Well chuffed, I suspected this might be Parasyrphus nigritarsis and the hover scheme confirmed it, thanks CS. A nationally quite uncommon hover and the sixth Orkney record.

We've been gardening. It's not easy here, cold, windy and a plague of these....

Rabbit, the cat does his best but one a day is just nowhere near enough.

And lastly.


Saturday, 14 May 2022

Caddis conundrum.

The caddis (Trichoptera) season is starting to warm up, unlike the weather, and they are beginning to appear in some numbers in and around the light traps. Last week's haul reminded me how hard they are as adults and how easy it is to get them wrong. My excuse, early in the season and I've only seen a few fresh ones.

Back in March I had a couple of very early Grammataulius nigropunctatus, one of the relatively easy ones. But then nothing until now.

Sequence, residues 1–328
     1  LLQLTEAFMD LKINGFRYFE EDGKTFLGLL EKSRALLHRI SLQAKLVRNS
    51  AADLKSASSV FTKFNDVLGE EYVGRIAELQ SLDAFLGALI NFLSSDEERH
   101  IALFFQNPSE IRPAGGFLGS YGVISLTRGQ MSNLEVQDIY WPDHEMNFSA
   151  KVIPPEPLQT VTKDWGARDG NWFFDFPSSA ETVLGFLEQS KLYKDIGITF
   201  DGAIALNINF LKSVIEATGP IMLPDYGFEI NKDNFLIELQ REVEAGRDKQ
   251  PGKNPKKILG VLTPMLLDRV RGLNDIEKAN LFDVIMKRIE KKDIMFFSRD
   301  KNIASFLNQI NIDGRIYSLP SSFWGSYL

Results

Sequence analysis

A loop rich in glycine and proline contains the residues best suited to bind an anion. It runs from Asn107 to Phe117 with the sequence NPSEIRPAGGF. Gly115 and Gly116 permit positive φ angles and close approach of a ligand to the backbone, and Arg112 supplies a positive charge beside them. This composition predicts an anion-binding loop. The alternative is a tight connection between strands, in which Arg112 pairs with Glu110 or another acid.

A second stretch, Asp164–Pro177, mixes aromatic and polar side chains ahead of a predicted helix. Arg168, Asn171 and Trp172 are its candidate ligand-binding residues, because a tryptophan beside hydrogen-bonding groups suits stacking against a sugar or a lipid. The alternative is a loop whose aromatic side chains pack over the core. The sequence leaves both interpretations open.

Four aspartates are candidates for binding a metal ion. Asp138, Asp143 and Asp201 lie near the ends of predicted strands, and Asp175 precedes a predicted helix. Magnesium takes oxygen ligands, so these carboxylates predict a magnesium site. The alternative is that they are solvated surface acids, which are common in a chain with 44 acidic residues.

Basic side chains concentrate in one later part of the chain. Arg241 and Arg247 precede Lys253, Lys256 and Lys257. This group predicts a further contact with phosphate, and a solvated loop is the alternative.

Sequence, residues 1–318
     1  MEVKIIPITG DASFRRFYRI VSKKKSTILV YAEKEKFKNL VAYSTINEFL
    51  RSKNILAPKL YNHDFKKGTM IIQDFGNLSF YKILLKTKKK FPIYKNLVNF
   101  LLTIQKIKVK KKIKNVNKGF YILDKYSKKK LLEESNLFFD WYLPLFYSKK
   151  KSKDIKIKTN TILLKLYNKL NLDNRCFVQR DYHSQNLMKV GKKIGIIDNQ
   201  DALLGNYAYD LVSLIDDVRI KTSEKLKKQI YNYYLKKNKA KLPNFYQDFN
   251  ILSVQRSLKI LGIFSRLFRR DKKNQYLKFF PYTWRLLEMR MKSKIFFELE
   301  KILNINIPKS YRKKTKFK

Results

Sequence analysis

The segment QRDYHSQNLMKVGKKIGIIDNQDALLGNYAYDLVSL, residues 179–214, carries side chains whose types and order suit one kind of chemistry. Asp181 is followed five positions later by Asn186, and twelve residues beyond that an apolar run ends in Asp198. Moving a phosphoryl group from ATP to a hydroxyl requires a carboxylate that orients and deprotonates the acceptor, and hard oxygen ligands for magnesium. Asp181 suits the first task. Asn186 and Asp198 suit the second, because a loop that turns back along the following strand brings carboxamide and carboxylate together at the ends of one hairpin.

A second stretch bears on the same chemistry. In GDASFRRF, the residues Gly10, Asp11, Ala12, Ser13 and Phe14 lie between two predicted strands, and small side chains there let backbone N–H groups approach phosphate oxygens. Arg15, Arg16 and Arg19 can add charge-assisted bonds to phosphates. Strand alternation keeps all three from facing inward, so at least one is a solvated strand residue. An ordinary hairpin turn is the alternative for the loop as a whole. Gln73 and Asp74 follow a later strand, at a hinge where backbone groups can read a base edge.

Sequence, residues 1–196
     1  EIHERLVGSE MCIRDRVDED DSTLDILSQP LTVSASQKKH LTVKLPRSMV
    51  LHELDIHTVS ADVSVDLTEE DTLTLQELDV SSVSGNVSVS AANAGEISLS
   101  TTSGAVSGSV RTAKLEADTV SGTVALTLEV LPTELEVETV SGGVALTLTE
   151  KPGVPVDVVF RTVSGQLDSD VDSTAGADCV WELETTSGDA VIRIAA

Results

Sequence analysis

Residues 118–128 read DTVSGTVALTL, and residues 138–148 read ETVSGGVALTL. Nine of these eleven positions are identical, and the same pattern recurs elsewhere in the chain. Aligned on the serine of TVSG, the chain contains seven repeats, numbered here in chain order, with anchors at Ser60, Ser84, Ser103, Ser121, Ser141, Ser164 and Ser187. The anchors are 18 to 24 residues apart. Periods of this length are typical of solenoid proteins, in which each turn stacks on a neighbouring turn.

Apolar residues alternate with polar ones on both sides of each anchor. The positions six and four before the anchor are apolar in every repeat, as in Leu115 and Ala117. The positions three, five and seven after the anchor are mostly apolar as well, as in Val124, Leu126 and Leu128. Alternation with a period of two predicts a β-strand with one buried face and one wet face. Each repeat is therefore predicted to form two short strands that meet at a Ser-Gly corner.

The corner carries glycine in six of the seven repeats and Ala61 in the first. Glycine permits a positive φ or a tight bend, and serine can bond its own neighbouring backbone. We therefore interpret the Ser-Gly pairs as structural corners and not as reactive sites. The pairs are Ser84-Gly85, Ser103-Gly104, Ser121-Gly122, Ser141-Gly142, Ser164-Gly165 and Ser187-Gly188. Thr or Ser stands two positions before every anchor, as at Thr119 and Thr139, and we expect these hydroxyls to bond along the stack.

There was the usual Stenophylax permistus, the confusion species doesn't occur here so they are relatively straightforward.

Stenophylax permistus, a large very distinctive caddis, a strong pale line dorsally.

Then there were a few of these - 

Limnephilus affinus, I don't see too many of these.

And there were three more of these that generally looked like this. 


Limnephilus affinis.

The genetalia were not examined on any of these as they seemed pretty straightforward, I did check out the possibility of L. griseus for the one with the pale dot near the costa.

And then there was this.



Perhaps I should have been alerted by the small size, the same as the various L. affinis. But after a bit of a pause I reckoned it looked like the commonest species I get here, first one for the year, Limnephilus marmoratus. I had posted on Moth Trap Intruders FBG at first asking what it was and then suggesting L. marmoratus.